A £500,000 police operation is planned in Brighton on Sunday to stop clashes between a nationalist march and local anti-fascists. Channel 4 News tracks the rise of the annual “March for England”.
The now annual March For England (MFE) will bring parts of Brighton to a standstill on Sunday. A major police operation will be mounted to get the nationalist group through the town as thousands of anti-fascists take to the streets.
Masked anti-fascists and far-right nationalists fought on the streets of Brighton last year despite a major police operation, in a political feud that has turned increasingly violent in recent years.
The MFE is billed as a celebration of national pride, timed to coincide with St George’s day, and for the last six years organisers have held an annual event in Brighton.
In previous years the event has offered itself as a fun day out for families, though counter-protesters claim there are links to the English Defence League and far-right group Casuals United.
Below: March For England passes counter-protesters in 2010
Two Tottenham Hotspur fans found the group as March for the Flag and rename in November as March for England, holding two small marches in London.
The first official MFE event in Brighton goes ahead unopposed, a group of 100 marchers parading through the town carrying England flags.
The group returns, rallying at the train station before marching through the streets, again without any difficulties, but claims later surfaced that passers-by were racially abused.
Due to the MFE being pictured with the EDL and other “counter-jihadi” nationalist micro-groups, Unite Against Fascism call a counter-protest.
In August the more hard-line right-wing nationalists from the English National Alliance and EDL are drawn to Brighton in the wake of the anti-fascist protest, holding their own march during which one anti-fascist is hospitalised.
Ahead of the MFE, a meeting of Unite Against Fascism is attacked by a group of 30 nationalists. Three weeks later MFE is met by a large counter-protest outside Brighton station and a large police presence surrounds the march as it makes its way through the town.
A large and militant anti-fascist protest confronts the MFE. Two police officers suffer head injuries in street battles with anti-fasicsts and batons are drawn.
A group of 140 MFE marchers are escorted by a large police presence as counter-protesters blockade streets. Police release images of protesters after the march, seeking information, and report that a “considerable amount of violence was directed towards the marchers”.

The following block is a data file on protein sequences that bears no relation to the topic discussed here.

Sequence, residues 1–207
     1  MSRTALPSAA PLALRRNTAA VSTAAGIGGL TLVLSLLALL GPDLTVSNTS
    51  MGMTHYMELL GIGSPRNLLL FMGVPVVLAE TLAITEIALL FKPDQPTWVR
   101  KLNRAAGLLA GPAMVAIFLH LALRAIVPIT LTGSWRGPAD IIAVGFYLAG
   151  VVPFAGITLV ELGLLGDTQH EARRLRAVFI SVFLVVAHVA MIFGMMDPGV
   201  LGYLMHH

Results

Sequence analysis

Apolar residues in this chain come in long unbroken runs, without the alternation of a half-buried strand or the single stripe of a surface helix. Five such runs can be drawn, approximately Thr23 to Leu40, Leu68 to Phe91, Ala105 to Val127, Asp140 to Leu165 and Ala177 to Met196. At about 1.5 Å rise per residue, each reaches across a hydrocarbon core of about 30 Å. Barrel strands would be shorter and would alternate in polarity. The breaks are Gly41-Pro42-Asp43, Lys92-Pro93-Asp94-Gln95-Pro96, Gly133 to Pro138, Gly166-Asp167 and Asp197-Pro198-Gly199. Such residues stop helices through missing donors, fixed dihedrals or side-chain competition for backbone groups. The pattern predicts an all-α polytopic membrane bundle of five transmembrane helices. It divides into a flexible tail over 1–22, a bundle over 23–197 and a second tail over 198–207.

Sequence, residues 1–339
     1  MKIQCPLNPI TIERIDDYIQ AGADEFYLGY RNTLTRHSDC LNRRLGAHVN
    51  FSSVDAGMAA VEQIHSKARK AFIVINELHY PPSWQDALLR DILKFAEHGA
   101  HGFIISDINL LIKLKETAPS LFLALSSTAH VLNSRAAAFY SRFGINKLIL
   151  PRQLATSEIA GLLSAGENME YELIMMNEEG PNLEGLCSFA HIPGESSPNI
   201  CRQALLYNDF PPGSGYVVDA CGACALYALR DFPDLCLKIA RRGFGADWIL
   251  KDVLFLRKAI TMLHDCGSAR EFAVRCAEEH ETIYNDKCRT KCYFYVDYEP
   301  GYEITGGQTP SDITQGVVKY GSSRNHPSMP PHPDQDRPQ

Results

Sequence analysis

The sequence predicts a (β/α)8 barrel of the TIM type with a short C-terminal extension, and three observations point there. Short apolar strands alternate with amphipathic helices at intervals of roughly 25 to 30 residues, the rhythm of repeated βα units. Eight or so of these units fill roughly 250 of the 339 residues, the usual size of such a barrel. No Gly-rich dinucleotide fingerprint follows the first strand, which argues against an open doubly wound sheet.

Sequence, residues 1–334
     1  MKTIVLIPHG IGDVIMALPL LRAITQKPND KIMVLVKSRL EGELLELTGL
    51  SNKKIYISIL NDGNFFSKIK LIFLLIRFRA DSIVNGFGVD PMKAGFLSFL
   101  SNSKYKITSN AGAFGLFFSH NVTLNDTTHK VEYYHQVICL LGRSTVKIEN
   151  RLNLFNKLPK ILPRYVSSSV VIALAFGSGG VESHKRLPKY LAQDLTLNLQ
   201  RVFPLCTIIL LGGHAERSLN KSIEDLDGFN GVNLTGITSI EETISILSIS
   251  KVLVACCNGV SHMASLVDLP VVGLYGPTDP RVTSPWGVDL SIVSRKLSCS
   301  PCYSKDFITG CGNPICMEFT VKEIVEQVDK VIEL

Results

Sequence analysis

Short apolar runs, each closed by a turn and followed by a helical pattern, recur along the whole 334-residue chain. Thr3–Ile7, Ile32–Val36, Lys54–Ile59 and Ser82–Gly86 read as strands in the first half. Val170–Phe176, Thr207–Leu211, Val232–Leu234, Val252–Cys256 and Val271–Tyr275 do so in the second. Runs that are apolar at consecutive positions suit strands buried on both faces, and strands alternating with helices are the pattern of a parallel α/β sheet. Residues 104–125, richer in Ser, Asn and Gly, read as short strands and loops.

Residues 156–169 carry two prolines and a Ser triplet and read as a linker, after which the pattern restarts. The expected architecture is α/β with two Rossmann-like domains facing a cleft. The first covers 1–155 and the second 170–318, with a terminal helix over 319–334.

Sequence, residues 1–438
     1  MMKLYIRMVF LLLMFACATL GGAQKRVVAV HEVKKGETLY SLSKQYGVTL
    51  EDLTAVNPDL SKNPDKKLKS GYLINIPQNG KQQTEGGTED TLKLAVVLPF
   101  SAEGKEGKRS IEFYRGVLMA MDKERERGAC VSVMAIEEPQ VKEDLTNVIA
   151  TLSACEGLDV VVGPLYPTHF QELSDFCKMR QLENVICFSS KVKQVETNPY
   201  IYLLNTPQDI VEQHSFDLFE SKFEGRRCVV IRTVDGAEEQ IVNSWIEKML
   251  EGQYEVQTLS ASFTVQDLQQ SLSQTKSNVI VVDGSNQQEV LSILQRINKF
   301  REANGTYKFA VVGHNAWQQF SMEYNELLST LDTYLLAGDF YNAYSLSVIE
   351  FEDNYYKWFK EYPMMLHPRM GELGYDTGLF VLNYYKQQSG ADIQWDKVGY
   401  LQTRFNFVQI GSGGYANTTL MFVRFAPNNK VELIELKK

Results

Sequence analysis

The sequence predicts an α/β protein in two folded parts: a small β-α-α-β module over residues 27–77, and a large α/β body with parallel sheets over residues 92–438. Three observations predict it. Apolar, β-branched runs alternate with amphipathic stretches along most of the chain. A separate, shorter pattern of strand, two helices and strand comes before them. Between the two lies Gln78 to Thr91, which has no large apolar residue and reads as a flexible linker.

Aggresive scenes, as anti-fascists openly beat up a contingent of EDL supporters on the seafront.
An estimated 2,000 counter-protesters turned out for the event, with the far-right now taking an open role in rallying numbers for MFE.
Sussex police stage an extensive operation, erecting a ring of steel in a bid to keep the two factions apart. Militant anti-fascists declare the day a victory, with images of bloodied nationalists circulated online.
Brighton is seen by the far-right as a liberal stronghold with sizeable radical left wing and anarchist groups in the region, who see the march as a provocation.
Protest group Stop MFE is hoping to mobilise people from the local community against Sunday’s march.
A statement by the Stop MFE group warns; “Neo-Nazis, Friends of Golden Dawn, supporters of the swastika waving Greek fascist party, have stated they will be attending March for England.
“We believe that ideologies of hate flourish when they are ignored and want the people of Brighton to show that the religious prejudice, racism and fascism of the English Defence League isn’t welcome here or anywhere.”
When groups like this come to Brighton it is because our multicultural city in all its diversity proves that their own doctrine of hate is wrong
Brighton Unity Against Racism
When contacted by Channel 4 News, MFE said it did not have anyone who would speak to the press ahead of the march.
A statement signed by Green MP Caroline Lucas and Brighton Trades Council urged locals to oppose the March for England, declaring; “In Brighton we all stand together. And when someone tries to threaten our community we must stand together even more firmly.
“When groups like this come to Brighton it is because our multicultural city in all its diversity proves that their own doctrine of hate is wrong, and they want to damage our unity.”
Sussex police have imposed strict conditions on the protests, with two section 14 notices issued, which gives police the power to impose restrictions on public assemblies in a bid to keep the two protests apart.
Police have warned that people taking part are not allowed to carry any banners other than those supporting the March for England or the cross of St George.
In a statement, Sussex police explained their decision not to ban the event: “The extreme option of seeking a banning order through the home secretary can only be taken when serious disorder cannot be prevented with the resources and legislation already available.
“Serious disorder means widespread violent behaviour. This could take the form of violent protest, rioting, criminal damage, looting and may include the use of weapons.
“Whilst there have been small pockets of disorder in previous years, these were contained by increasing the number of officers in the city.”
Police are also facing a last-minute headache after the area where nationalist marchers were due to assemble after the road partially collapsed.
Workmen were fixing a fire exit on Brighton’s King’s Road when the road collapsed, leaving a hole where the crowd was due to congregate.